ESG Issues among Fund Managers—Factors and Motives

Sustainability. 2016;8(10):1078 DOI 10.3390/su8101078

 

Journal Homepage

Journal Title: Sustainability

ISSN: 2071-1050 (Online)

Publisher: MDPI AG

LCC Subject Category: Technology: Environmental technology. Sanitary engineering: Environmental effects of industries and plants | Technology: Mechanical engineering and machinery: Renewable energy sources | Geography. Anthropology. Recreation: Environmental sciences

Country of publisher: Switzerland

Language of fulltext: English

Full-text formats available: PDF, HTML, ePUB, XML

 

AUTHORS

Justyna Przychodzen (Laureate Online Education, University of Liverpool Online Management Programmes, 1101 BH Amsterdam, The Netherlands)
Fernando Gómez-Bezares (Deusto Business School, University of Deusto, Avda de las Universidades 24, 48007 Bilbao, Spain)
Wojciech Przychodzen (Deusto Business School, University of Deusto, Avda de las Universidades 24, 48007 Bilbao, Spain)
Mikel Larreina (Deusto Business School, University of Deusto, Avda de las Universidades 24, 48007 Bilbao, Spain)

EDITORIAL INFORMATION

Blind peer review

Editorial Board

Instructions for authors

Time From Submission to Publication: 11 weeks

 

Abstract | Full Text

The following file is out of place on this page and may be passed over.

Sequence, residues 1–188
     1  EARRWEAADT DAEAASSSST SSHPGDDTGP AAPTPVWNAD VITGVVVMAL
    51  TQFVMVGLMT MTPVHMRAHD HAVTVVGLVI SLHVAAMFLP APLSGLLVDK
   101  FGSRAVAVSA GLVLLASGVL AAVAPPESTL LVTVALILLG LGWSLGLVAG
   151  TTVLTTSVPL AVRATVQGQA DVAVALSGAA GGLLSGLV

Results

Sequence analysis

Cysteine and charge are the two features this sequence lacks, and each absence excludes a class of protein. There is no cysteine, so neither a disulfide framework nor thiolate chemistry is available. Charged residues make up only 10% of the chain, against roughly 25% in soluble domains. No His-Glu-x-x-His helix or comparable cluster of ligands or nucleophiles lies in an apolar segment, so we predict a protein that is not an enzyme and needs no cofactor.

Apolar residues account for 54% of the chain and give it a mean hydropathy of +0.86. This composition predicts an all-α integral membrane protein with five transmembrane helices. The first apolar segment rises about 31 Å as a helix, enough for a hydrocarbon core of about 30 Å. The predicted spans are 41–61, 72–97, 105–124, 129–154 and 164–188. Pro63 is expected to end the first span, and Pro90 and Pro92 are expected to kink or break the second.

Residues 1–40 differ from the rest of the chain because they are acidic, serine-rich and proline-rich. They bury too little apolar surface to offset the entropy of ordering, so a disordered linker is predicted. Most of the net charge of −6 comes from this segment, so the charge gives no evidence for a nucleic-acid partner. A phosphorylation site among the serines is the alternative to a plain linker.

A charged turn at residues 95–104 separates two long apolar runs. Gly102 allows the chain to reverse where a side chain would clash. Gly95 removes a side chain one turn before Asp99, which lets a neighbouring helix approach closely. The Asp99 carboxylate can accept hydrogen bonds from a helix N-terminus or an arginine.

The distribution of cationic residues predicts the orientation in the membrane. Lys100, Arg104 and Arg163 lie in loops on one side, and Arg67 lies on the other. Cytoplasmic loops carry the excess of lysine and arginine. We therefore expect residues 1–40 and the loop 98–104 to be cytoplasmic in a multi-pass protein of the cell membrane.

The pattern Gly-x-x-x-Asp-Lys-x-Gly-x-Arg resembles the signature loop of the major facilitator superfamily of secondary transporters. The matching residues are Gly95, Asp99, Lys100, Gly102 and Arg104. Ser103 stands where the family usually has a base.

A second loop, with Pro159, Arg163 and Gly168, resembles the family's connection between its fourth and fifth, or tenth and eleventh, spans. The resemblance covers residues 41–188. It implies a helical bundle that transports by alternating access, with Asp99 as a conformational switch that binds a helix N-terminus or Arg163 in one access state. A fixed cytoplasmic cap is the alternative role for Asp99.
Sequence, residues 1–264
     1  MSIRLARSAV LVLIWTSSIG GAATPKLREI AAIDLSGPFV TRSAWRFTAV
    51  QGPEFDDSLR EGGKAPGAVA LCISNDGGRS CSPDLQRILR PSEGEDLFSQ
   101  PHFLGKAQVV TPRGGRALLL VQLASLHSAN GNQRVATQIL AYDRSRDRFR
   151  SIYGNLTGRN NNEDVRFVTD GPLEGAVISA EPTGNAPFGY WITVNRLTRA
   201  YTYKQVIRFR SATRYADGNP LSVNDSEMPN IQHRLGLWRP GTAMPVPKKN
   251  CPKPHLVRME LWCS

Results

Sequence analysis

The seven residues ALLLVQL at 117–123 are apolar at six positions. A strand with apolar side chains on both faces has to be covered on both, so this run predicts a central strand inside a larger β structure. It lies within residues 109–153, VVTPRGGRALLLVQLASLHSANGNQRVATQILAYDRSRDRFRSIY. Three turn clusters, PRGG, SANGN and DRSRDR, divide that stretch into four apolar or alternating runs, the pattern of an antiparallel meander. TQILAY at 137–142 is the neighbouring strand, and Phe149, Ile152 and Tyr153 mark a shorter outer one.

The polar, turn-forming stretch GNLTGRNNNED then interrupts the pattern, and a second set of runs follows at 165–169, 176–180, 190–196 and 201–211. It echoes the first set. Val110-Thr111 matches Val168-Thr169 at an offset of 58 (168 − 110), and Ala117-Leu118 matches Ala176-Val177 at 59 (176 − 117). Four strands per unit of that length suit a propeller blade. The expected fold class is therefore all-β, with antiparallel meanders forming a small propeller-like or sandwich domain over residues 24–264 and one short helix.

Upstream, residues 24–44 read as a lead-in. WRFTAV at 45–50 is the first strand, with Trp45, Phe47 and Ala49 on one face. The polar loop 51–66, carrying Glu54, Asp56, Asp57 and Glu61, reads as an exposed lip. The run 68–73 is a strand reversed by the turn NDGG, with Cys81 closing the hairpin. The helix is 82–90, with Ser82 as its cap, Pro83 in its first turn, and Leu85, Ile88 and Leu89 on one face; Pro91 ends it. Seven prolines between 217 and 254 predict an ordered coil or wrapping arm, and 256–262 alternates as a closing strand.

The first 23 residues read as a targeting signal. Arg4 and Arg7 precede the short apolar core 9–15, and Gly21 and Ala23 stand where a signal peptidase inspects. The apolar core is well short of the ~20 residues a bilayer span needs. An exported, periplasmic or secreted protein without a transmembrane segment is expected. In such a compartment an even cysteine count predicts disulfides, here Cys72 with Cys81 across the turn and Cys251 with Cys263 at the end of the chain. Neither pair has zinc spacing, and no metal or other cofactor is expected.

This paper investigates the motives, behavior, and characteristics shaping mutual fund managers’ willingness to incorporate Environmental, Social and Governance (ESG) issues into investment decision making. Using survey evidence from fund managers from five different countries, we demonstrate that this predisposition is the stronger, the shorter their average forecasting horizon and the higher their level of reliance on business risk in portfolio management is. We also find that the propensity to incorporate ESG factors is positively related to an increasing level of risk aversion, an increasing importance of salary change and senior management approval/disapproval as motivating factors as well as length of professional experience in current fund and increasing significance of assessment by superiors in remuneration. Overall, our evidence suggests that ESG diligence among fund managers serves mainly as a method for mitigating risk and is typically motivated by herding; it is much less important as a tool for additional value creation. The prevalent use of ESG criteria in mitigating risk is in contrast with traditional approach, but it is in line with behavioral finance theory. Additionally, our results also show a strong difference in the length of the forecasting horizon between continental European and Anglo-Saxon fund managers.